Jay sent us a note this morning and along with kind words about the site, he asked our thoughts on a home inventory solution: "I’m about to begin research on a means of creating an electronic home inventory that will enable me to photograph items and document all relevant information (purchase date, price, receipts, warranty info, serial numbers, etc.). I’m willing to pay for software to do this, and I’ve also toyed around with rolling my own via Excel or Access."
Now there’s a multitude of ways to approach this challenge, but my immediate thought was to use software that we’ve talked about extensively before…
Microsoft OneNote in conjunction with the free OneNote Mobile application would be one way to go. Using a Windows Mobile handheld with OneNote Mobile installed, I’d take pictures of my household items as well as any relevant receipts or warranty papers. After taking pictures of all inventory items, I’d connect my handheld to my computer where the pictures would automatically sync over to a OneNote notebook. This gets all of the pictures in one one place, but I wouldn’t be done yet.
Next, I’d annotate the items with any pertinent information such as: name of item, date of purchase, rough value, etc… The annotations can be added via typed text or ink and all of the information would indexed by Windows so you could later search for the information. Any pictures of receipts or other paperwork would also be searchable due to the OCR capabilities in OneNote. Here’s a sample from a project I did last year when I used OneNote and OneNote Mobile; annotations are easy to do and can be very useful:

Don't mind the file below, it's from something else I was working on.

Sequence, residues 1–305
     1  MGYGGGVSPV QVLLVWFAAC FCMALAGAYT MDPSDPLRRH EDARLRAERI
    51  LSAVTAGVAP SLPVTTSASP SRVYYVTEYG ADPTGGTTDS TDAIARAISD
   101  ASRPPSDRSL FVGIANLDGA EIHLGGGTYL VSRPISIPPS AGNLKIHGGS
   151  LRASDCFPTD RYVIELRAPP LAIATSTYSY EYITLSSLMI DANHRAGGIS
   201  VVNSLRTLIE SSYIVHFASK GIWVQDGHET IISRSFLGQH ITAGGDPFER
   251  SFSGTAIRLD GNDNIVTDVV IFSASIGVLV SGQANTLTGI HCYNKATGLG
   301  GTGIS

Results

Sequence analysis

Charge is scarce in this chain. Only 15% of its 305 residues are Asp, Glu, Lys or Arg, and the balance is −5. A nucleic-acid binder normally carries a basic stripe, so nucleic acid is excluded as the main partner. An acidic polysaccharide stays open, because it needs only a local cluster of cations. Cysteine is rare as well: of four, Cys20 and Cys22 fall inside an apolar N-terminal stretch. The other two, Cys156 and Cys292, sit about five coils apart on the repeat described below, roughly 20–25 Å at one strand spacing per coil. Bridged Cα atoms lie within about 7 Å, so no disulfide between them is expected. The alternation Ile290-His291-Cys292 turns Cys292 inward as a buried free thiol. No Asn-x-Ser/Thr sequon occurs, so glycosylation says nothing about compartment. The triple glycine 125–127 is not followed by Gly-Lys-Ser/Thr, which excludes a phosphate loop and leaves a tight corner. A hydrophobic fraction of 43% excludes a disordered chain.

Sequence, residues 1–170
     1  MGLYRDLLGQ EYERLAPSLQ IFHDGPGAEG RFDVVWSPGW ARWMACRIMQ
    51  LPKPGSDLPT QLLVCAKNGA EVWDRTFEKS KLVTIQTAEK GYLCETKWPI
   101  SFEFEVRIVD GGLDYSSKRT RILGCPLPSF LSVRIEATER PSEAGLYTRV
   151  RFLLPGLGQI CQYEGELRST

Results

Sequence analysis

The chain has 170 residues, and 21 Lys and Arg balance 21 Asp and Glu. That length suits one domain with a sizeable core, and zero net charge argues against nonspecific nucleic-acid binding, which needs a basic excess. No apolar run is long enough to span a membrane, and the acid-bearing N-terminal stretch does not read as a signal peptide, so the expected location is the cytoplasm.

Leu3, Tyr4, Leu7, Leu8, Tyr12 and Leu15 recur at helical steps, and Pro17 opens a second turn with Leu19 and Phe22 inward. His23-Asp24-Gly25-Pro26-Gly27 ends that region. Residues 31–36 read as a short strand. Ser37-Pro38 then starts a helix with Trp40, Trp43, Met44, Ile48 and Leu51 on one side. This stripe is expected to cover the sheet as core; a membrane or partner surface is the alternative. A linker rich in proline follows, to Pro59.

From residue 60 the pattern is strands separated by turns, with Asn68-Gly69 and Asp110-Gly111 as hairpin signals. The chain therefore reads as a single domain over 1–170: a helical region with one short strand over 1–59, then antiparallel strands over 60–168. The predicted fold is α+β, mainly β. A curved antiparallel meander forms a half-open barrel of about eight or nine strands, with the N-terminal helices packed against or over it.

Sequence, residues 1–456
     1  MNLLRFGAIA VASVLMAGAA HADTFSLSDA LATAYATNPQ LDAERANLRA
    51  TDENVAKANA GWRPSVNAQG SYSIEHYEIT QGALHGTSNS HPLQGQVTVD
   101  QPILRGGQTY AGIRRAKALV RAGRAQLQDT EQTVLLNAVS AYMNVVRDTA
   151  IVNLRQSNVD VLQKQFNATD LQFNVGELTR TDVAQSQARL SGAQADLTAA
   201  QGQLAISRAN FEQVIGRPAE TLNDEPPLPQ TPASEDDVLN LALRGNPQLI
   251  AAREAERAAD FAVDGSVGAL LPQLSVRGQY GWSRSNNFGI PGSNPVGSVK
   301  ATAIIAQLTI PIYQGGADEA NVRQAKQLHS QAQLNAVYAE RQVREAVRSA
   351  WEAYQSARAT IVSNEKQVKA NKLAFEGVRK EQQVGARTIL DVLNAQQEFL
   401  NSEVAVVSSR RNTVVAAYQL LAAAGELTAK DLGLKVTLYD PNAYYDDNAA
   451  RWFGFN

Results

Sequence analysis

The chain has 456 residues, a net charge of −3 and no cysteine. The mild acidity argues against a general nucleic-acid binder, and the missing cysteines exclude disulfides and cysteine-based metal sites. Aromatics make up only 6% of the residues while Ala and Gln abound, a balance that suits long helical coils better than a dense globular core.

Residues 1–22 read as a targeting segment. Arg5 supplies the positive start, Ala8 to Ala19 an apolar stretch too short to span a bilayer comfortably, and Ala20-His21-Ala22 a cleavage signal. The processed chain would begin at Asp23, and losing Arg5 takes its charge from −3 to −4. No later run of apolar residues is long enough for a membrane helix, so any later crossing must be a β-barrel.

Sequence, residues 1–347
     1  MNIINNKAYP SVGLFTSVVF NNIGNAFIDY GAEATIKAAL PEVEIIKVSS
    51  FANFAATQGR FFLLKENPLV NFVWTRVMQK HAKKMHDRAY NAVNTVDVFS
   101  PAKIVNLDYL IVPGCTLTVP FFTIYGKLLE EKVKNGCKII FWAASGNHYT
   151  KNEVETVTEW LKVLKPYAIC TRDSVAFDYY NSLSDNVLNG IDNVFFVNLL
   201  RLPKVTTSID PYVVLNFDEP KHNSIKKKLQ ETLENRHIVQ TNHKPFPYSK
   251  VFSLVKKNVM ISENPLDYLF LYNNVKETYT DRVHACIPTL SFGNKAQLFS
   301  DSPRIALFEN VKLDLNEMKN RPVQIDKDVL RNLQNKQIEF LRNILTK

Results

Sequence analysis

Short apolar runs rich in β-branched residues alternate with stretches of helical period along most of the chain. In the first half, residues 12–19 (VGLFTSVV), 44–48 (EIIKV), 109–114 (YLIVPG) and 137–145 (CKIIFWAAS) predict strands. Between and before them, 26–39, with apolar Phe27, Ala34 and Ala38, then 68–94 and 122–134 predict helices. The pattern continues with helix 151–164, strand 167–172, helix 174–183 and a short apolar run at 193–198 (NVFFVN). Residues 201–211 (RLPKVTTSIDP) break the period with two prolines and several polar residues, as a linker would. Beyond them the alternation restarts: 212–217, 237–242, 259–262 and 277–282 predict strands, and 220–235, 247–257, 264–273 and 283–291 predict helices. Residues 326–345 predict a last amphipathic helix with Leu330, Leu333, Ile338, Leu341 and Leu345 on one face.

Another option for annotation would be a voice recording; OneNote can record audio and like all of the other input types, the audio is indexed so you can actually search for the spoken word.
For safe keeping, I’d consider keeping a copy of the home inventory notebook off-site. After all: if your home is destroyed in a fire and your inventory records were in your home, they didn’t serve any purpose. A backup copy of the inventory stored "in the cloud" could come in handy.
Again, this is just my immediate thought and there’s a number of solutions that could be used. What suggestions can you offer to Jay?